“Now, this RV has no parking brake — I know; don’t ask — so be real careful, and use this.”
He handed me a nail-studded scrap of 2×4 bearing the words “EM. BRAKE” scratched in red ink. “Stick this under the wheel,” he said, and I knew my vacation was doomed.
My wife’s boss Tim had generously offered to lend us his beloved camper, Little Buddy, for our road trip vacation through Illinois, Indiana and Kentucky. Now it was the day before we were to leave, and Tim and I were going over the operating instructions. Overall, I was impressed with how sound Little Buddy seemed to be, considering he’s thirty years old.
What followed was not the worst vacation of my life. What followed was merely the second-worst vacation of my life.
The #1 Worst Vacation of my life came when I was about 8 years old and consisted of a week with my family at a campground in the Adirondacks in a canvas army-surplus cabin-style tent. Each day was characterized by either torrential thunderstorms or horrific heat, humidity, and clouds of biting gnats. But that’s not what made it awful.
I was doing a lot of throwing that summer, doctor’s orders. I’m nearly blind in one eye and can’t see out of the other, which severely impacts my depth perception; that is to say, I haven’t any. The eye doctor proposed Dad and I play some catch to help me out. My dad wasn’t the catchy type (he was a lot like me), so my parents got me this bounce-back net you set up in the yard, with a strike zone painted on it, so lonely dorky kids could play catch by themselves. I had made good progress with it that spring: I flung the ball, if I hit the net it bounced back, if it hit the glove, sometimes I caught it. More often the ball caught me, anywhere from my skull to my knees. I hadn’t brought my ball or glove (or net) to camp, but there were plenty of rocks. One hot, buggy morning, I was strolling down the camp road, flinging rocks hither and yon. I flung one hither, and only after release noticed yon automobile. The rock came down on the hood near the passenger-side fin. (Yes, front fins!) (This was about 1972.) The rock rolled into the left gutter (like most bowling balls I’ve ever thrown), tumbled along the full length of the hood and smacked the windshield. And then I noticed yon young men, camped alongside yon automobile. “Hey!” they shouted.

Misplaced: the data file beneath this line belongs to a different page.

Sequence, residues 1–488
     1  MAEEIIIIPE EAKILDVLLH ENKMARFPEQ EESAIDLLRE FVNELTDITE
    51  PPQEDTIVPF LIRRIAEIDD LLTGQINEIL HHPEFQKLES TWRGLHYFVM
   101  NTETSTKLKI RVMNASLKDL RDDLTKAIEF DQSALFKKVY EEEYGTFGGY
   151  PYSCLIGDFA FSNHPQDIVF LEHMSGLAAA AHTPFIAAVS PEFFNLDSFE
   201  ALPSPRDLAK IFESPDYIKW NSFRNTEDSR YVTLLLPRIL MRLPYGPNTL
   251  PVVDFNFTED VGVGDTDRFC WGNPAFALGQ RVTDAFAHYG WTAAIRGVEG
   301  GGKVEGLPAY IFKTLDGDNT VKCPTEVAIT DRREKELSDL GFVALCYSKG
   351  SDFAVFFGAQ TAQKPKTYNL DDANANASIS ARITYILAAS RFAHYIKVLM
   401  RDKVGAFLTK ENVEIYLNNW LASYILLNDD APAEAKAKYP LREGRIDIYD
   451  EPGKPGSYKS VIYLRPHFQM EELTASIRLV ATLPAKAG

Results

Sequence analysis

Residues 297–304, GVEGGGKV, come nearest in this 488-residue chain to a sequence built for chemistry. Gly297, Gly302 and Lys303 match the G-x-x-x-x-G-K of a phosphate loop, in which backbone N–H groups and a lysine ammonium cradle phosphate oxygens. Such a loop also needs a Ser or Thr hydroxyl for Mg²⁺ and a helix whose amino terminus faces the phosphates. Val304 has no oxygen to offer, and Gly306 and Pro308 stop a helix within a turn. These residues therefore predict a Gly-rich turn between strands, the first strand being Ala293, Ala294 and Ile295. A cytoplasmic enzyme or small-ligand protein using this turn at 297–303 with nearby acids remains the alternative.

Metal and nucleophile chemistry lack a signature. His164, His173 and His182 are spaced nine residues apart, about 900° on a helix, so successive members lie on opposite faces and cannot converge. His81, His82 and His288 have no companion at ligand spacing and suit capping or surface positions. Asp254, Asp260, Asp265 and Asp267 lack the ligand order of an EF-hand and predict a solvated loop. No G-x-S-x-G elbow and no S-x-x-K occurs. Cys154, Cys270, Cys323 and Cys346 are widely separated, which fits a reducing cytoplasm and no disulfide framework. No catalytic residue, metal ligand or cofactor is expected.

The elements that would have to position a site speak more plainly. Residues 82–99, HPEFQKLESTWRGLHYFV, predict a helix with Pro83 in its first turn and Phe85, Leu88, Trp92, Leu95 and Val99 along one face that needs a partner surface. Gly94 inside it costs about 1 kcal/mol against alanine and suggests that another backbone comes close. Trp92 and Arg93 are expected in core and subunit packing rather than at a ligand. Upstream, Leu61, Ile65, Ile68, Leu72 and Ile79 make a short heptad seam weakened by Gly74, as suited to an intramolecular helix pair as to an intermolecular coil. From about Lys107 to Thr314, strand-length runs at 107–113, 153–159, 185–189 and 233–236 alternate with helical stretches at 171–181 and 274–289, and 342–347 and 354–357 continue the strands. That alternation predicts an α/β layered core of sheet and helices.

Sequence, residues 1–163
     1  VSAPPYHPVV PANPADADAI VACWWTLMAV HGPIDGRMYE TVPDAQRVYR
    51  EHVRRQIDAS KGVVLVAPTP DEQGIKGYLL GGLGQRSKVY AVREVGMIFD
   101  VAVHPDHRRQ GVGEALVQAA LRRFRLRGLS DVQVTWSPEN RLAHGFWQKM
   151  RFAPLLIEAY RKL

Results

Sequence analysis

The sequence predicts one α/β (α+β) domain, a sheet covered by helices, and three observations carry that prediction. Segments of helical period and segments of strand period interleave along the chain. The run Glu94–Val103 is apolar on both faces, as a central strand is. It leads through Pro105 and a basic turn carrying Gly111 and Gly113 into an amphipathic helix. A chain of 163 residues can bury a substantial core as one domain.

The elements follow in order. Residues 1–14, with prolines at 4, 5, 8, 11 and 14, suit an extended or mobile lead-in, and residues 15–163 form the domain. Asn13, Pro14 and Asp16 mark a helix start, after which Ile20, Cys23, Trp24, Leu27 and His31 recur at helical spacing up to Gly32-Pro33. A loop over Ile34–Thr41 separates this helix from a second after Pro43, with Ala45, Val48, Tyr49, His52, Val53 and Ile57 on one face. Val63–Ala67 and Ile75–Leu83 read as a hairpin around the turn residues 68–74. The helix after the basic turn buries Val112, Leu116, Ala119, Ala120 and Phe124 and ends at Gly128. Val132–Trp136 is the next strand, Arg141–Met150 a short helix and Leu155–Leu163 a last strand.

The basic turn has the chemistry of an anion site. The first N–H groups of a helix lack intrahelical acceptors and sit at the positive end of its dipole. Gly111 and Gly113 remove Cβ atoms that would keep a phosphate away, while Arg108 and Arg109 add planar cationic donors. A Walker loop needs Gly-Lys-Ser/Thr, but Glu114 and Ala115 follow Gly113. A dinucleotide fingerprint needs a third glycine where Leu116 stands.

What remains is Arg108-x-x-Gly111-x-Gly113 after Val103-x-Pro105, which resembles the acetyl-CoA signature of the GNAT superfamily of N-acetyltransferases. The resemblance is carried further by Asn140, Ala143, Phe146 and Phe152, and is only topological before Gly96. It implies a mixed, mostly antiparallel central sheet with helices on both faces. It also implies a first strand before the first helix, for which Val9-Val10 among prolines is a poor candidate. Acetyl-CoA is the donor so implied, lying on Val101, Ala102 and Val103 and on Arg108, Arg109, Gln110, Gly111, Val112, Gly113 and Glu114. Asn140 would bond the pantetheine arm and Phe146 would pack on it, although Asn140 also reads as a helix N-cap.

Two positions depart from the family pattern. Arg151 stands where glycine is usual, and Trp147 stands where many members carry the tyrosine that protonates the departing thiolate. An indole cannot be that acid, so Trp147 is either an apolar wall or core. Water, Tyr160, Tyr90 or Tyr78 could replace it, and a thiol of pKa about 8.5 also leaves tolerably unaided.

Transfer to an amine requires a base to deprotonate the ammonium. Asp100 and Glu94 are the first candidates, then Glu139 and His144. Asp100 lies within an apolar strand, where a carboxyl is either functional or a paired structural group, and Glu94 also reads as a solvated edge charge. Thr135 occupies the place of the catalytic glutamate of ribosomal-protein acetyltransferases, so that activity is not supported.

I have never known terror like that before in my life. If I had known how much worse it was going to get the next day, I might not have freaked out so bad, but I didn’t, so I did. I bolted. In blind terror I tore back to our campsite and hid in a pile of bedding in the back seat of our car. (I’m guessing the bedding was there because it had rained the previous night and some or all of us wound up sleeping in the car.) I hid out in the 6,000-degree car all day, fantasizing about being beaten to death with baseball bats — or maybe being stoned. My parents fetched me at supper time, long after they had smoothed things over with the young men.
The next day it got really bad.
Why did I have such a problem with men’s changing rooms? This totally sounds like the Result of a Childhood Trauma sort of thing, but this was my childhood. To swim you had to shower, and to shower you had to change, in a big open room with no partitions and other men. My parents sent me in there alone, and I couldn’t do it.
Maybe it had to do with that miserable YMCA day camp / detention center my folks sent me and my sister to the previous summer. All I remember of that place is a lot of concrete, nearly drowning in a huge pool every day, and being beaten regularly in an overcrowded locker room full of mean, naked kids.
Yeah, I suppose that could have something to do with my reluctance to get naked around strangers. So what did I do about it? I got my older sister to smuggle me in to the girl’s changing room, where they had individual, curtained stalls. This worked out okay for a few days until she betrayed me and blew my cover.
Yes… it was even worse than a week on the road with Little Buddy.
That started with my own bad planning. I decided to wing it, and planned the route without even consulting a map. In my estimation of travel from Illinois to Kentucky, I neglected the entire state of Indiana (easy to do). When trying to make up time, we discovered Little Buddy had trouble topping 45 mph, which added about 3 hours to every day’s travel time. When we got to Kentucky, we discovered Little Buddy had some issues with hills, like, refusing to climb them. We also discovered his spectacular appetite for fuel. Feeding the car depleted our budget for feeding ourselves. The last leg of the trip was to be a quiet, lonely weekend at a state park near Chicago, and Little Buddy’s clutch failed about three miles outside the city. We spent 5 hours on the side of the Edens Expressway waiting for a tow that cost us the last of that years’, and half of next years’, vacation budget.
But at least Little Buddy included a private changing room.